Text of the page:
My father-in-law served in the merchant marine during World War II, sailing as an assistant purser on a supply ship. I asked him once about his most frightening experience of the war.
He replied grimly, “Our ship was part of a convoy of 20 merchant ships, and we had two Navy ships escorting us. One night in the North Atlantic on our way to Europe we got attacked by German U-boats. Luckily, my ship wasn’t hit, but the Liberty ship to our starboard went down with all hands lost.”
I told him about my dad’s service in the Navy and his stories about seeing merchant ships in convoys destroyed and sunk. My father-in-law replied, “I was proud to serve my country, but we merchant mariners never got the credit we deserved. We risked our lives bringing almost all of the military’s supplies to them, and never got the free education, pensions, home loans, or medical benefits for injuries that they did.”
There is no doubt American merchant mariners risked their lives for our country in World War II. All told, 243,000 of them served and more than 9,500 died — a larger proportion than in any other branch of the military. Nearly 800 merchant ships were attacked and sunk during the war. To their credit, some military leaders did appreciate the importance of the U.S. merchant marine. Gen. Dwight D. Eisenhower said, “When final victory is ours, there will be no organization that will share its credit more deservedly than the merchant marine.” Unfortunately, after World War II, civilian mariners did not receive that recognition.
U.S. merchant mariners again risked their lives to assist our military during the Korean War. Almost 75% of personnel were transported on commercial vessels into Korean war zones. Those ships also carried about 90% of the food, mail, and ammunition and other supplies the armed services used. Merchant mariners had the added responsibility of evacuating war refugees during the Korean War. Perhaps the most amazing story involves Meredith Victory, a 455-foot Victory-class ship launched in 1945. It ran for American President Lines on commercial contracts after World War II. It was laid up in 1950 in Olympia, Wash., as part of the National Defense Reserve Fleet. Later that year, it was activated to service for the Korean War, and ordered to the city of Hungnam, in present-day North Korea.
The ship was certified to carry just 12 passengers, but Capt. Richard LaRue took every civilian awaiting evacuation. The ship unloaded everything from food to engine room supplies to make room. Under fire and in freezing conditions, the ship took all 14,000 civilians and safely evacuated them in an event now considered a maritime miracle. Meredith Victory performed the largest maritime evacuation in history, another testament to merchant mariners’ bravery and loyalty during U.S. wartime efforts.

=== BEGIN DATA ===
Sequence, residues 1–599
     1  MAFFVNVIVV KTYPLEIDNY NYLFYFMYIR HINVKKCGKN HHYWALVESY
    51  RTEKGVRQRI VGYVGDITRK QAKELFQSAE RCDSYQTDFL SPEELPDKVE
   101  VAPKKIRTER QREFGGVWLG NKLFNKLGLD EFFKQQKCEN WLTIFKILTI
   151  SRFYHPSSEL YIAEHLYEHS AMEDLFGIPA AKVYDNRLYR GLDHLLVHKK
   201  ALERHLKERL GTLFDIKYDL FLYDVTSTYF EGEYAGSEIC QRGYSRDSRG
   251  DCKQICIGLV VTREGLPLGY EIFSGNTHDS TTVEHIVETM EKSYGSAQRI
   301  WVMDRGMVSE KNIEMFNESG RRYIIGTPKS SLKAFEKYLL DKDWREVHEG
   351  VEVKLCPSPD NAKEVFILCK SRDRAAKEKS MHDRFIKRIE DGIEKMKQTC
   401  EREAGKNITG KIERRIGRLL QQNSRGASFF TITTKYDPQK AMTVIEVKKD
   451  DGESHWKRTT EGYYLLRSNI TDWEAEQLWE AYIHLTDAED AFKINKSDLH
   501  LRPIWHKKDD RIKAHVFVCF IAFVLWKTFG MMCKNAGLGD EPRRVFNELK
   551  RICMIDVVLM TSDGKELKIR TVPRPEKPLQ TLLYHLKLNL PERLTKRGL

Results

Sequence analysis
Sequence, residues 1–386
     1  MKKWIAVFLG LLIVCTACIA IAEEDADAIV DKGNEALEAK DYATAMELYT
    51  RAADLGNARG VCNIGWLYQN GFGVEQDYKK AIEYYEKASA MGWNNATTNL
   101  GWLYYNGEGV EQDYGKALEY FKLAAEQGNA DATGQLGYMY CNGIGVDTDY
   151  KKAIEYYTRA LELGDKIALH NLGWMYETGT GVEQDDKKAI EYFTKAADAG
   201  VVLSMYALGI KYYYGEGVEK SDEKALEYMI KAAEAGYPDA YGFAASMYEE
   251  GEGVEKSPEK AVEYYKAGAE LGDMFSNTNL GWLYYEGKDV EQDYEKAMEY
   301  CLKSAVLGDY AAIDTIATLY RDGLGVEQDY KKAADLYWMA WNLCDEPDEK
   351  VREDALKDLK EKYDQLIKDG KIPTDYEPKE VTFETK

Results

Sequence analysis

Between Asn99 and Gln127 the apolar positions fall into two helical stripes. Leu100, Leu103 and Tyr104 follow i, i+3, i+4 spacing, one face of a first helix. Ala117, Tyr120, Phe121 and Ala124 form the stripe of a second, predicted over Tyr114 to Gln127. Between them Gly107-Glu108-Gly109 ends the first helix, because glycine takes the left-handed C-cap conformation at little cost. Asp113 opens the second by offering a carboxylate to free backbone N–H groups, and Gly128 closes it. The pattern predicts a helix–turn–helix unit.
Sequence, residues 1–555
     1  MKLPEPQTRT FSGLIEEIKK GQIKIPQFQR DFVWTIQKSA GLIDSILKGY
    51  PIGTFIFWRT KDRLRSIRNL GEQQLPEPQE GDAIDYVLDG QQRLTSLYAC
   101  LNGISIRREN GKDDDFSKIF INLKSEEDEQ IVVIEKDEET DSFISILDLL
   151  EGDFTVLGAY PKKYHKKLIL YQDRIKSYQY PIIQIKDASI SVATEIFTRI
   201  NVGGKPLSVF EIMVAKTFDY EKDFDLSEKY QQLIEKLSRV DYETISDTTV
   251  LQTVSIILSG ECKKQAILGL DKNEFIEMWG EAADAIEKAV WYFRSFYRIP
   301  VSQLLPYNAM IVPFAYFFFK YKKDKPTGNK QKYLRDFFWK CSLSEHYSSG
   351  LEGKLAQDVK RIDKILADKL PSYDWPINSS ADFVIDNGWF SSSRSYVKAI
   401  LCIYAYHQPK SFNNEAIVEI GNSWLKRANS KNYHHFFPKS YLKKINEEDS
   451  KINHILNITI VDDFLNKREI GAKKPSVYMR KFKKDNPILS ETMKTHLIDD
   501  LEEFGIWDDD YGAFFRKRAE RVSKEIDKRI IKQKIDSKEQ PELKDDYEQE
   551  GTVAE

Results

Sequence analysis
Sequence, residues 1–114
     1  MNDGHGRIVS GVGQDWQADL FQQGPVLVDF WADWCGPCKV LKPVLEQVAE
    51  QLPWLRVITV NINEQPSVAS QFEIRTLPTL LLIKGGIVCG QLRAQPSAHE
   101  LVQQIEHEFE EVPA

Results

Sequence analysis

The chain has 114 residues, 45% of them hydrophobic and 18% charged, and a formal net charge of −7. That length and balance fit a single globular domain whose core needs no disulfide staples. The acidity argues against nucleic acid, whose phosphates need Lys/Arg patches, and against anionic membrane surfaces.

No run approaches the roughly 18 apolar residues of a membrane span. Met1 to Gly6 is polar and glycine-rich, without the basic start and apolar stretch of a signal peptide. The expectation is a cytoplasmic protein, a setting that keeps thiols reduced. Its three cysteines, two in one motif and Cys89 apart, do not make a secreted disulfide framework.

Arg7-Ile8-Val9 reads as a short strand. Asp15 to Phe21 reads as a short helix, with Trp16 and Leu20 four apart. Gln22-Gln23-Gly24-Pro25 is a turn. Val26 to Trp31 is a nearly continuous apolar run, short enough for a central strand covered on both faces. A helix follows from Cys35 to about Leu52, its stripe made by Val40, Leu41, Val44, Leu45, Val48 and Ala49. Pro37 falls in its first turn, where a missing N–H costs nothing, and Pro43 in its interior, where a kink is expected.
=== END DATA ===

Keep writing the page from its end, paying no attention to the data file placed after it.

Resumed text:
In Vietnam, U.S. commercial vessels once again entered war zones to support our military. My friend Mike graduated from the California Maritime Academy during the Vietnam War. He sailed as mate on a civilian ship that delivered goods under fire. Many private tankers, freighters, ro-ros and containerships carried military cargo during the war due to the advanced age of U.S. Liberty and Victory ships. Roughly 95% of the supplies needed for the military campaign in Vietnam came via U.S. merchant ships. In 1965, there were about 300 U.S. cargo ships and tankers supplying the military there crewed by about 3,000 civilian mariners.
To the detriment of our armed forces, the U.S. government did not heed the lessons of the Vietnam War. After years of allowing the American-flag merchant fleet to be replaced by foreign contracts, there were ultimately not enough ships to actively support our military. As a result, in the Gulf War in the early 1990s, the military relied heavily on foreign-flag merchant ships to deliver much-needed supplies to the war zones. Unlike the brave mariners of the U.S. merchant marine, however, some foreign crews refused to go into dangerous situations — placing our soldiers at risk due to the lack of supplies and ammunition. In contrast, American civilian mariners have never refused to enter a war zone to supply our troops.
There is no doubt that the U.S. maritime industry is a vital necessity for our military and our country. I hope we all recognize the risks the U.S. shipping industry and their American crews have taken and still take on behalf of their country.
Till next time, I wish you all smooth sailin.’
Capt. Kelly Sweeney holds the license of master (oceans, any gross tons) and has held a master of towing vessels (oceans) license as well. He has sailed on more than 40 commercial vessels and lives on an island near Seattle. He can be contacted by email at firstname.lastname@example.org